www.alcoholandhealth.org     11
Did the hypothesis precede rather than
         follow the analysis?


• The hypothesis followed the analysis.

  – After finding that most patients did not have
    abstinence as a treatment goal, the researchers
    chose to examine results from the 241 patients
    with this goal.



                   www.alcoholandhealth.org       12
Was the subgroup effect one of a small
number of hypothesized effects tested?

 The authors do not state explicitly the number
  of subgroup analyses performed.

 However, they reported only 1 subgroup
  analysis.




                  www.alcoholandhealth.org     13
Is the magnitude of the effect large?
• The magnitude of the effect was large. There was an
  absolute increase of 12% in percent days abstinent.

                   Group                       % Days Abstinent Among
                                                  Subjects With an
                                                  Abstinence Goal
     Placebo                                                     58

     2 g of acamprosate                                          70

     3 g of acamprosate                                          73


 Analyses were adjusted for baseline variables and treatment exposure
                                   www.alcoholandhealth.org             14
Was the effect statistically significant?


  • Yes, the P value for the comparison of 2 g
    of acamprosate vs placebo was 0.02.

  • Similarly, the P value for the linear trend in
    abstinence across the 3 groups was 0.02.




                   www.alcoholandhealth.org          15
 Is the interaction consistent across
               studies?

• A meta-analysis of international studies found
  that acamprosate improves odds of
  abstinence.

  – Patients in these studies were usually abstinent for
    5 days and entered the studies directly from
    inpatient detoxification.

  – These studies are consistent with others that show
    acamprosate has efficacy in patients with more
    stable initiation of abstinence.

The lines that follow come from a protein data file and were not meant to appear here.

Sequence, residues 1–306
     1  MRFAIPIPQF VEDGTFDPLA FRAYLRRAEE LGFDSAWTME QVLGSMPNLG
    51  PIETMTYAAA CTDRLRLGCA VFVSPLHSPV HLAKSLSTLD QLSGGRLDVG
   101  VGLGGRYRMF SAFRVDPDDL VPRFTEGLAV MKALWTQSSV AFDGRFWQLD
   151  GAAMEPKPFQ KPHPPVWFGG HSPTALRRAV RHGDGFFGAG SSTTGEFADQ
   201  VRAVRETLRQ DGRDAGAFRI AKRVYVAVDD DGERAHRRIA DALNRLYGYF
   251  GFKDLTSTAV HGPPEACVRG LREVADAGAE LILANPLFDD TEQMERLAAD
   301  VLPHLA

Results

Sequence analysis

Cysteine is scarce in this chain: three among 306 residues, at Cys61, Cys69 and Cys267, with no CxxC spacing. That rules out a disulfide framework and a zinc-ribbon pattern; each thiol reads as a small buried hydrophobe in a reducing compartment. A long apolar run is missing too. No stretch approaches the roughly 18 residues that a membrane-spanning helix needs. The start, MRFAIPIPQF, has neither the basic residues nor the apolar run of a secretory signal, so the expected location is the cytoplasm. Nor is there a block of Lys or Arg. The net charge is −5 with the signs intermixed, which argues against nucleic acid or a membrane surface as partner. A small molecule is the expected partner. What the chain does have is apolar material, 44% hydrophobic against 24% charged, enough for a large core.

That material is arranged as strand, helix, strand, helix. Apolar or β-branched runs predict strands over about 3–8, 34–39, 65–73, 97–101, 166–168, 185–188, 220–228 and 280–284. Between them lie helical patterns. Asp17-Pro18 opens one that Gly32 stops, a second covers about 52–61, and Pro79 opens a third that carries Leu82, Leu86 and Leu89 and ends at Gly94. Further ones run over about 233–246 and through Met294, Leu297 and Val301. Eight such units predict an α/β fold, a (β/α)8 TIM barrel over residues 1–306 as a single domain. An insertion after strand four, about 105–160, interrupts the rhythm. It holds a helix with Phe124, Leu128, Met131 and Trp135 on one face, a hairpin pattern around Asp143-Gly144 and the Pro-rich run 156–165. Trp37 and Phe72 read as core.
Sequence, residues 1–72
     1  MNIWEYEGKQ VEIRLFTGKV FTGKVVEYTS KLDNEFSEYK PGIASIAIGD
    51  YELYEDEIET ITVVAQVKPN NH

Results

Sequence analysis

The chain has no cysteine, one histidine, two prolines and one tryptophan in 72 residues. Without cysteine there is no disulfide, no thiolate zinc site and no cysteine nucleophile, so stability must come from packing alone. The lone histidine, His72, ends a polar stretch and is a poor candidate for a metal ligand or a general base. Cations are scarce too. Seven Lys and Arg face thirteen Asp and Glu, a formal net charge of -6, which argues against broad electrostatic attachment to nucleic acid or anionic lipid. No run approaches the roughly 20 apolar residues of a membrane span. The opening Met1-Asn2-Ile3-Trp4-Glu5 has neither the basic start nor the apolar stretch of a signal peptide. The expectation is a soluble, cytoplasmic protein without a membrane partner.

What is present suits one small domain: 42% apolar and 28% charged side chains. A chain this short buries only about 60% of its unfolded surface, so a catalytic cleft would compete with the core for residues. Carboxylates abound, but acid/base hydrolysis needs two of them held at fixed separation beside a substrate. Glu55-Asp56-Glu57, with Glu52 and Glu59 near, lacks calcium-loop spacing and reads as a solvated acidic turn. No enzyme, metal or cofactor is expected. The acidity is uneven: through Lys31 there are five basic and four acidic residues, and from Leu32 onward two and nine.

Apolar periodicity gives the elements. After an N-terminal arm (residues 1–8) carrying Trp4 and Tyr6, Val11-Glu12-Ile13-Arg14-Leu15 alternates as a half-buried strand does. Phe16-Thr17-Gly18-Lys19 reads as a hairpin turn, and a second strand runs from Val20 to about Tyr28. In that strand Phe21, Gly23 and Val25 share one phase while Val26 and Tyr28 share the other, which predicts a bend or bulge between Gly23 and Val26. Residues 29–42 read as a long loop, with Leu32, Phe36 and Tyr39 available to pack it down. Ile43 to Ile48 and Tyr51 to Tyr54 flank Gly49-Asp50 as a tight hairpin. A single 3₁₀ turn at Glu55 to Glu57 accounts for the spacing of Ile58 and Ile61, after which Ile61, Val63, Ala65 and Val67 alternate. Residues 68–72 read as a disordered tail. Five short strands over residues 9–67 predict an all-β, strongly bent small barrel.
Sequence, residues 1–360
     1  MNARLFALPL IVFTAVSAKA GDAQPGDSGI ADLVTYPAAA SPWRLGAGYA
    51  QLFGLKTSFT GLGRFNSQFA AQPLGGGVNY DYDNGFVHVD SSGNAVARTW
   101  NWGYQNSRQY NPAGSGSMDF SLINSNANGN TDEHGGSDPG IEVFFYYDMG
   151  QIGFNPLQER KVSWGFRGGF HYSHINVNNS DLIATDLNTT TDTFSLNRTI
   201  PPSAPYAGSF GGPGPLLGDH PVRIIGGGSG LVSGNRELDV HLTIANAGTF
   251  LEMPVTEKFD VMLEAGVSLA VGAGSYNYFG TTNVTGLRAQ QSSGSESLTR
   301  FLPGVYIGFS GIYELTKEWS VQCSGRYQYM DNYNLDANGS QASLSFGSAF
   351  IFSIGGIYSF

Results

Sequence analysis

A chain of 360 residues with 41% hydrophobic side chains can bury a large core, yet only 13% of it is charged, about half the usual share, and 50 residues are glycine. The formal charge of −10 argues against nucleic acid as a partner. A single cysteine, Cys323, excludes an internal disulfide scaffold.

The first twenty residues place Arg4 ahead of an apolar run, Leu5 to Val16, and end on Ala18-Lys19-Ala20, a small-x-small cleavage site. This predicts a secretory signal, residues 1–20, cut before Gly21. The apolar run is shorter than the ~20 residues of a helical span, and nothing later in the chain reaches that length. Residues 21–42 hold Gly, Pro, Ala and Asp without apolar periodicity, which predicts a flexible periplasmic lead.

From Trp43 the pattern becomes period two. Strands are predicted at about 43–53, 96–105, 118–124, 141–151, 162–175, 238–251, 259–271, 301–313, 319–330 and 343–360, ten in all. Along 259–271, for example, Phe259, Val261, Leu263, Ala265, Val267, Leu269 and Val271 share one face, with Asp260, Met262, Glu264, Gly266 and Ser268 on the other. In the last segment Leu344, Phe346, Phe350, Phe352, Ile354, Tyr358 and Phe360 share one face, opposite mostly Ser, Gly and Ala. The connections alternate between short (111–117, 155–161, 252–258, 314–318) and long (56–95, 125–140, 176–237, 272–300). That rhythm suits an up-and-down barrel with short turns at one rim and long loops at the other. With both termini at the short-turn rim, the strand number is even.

www.alcoholandhealth.org          16
  Is the interaction consistent across
             studies? (cont.)

• Another U.S. study (Anton et al, 2006) that did
  not require substantial abstinence as an
  eligibility criterion also found no efficacy for
  acamprosate.

• Two other studies involving patients who were
  actively drinking reported no efficacy for
  acamprosate.
                   www.alcoholandhealth.org      17
Is there indirect evidence that supports
     the hypothesized interaction?

• The effect was consistent with previous
  studies of acamprosate.

• The effect was also present for other
  outcomes, such as GGT levels, abstinence
  >=90% of days, and abstinence <=10% of
  days.


                  www.alcoholandhealth.org   18
Is there indirect evidence that supports
 the hypothesized interaction? (cont.)
• Brain hyperexcitability during alcohol withdrawal and
  protracted abstinence is hypothesized to be a particularly
  sensitive target for acamprosate’s therapeutic actions (al
  Qatari et al., 1998; Spanagel and Zieglgansberger, 1997).

• The drug appears to act primarily by restoring normal N-
  methyl-D-aspartate (NMDA) receptor tone in the
  glutamate system (Spanagel and Zieglgansberger, 1997).

• Acamprosate has been shown to have a specific dose-
  dependent effect on decreasing excessive alcohol intake
  in animal models of alcohol dependence.

                      www.alcoholandhealth.org          19
                   Summary
• In a 3-group randomized controlled trial of
  acamprosate, the drug was not efficacious.

• Investigators noticed that…
  – their subjects had not been required to abstain before
    study entry (unlike in most previous studies), and
  – most did not have abstinence as a goal.

• Investigators performed adjusted subgroup
  analyses and found that acamprosate had
  efficacy in subjects committed to abstinence.
                     www.alcoholandhealth.org          20
              Summary (cont.)
• Although caution should be used when interpreting these
  post-hoc subgroup analyses…
   – the findings are biologically plausible, consistent with
     previous studies, and from a direct within study
     comparison, and

   – the magnitude of the effect is large and statistically
     significant (although whether other subgroup analyses
     were tested is unclear).

• Although confirmation would be useful, it is likely that
  acamprosate has efficacy in patients motivated to be
  abstinent.

                       www.alcoholandhealth.org              21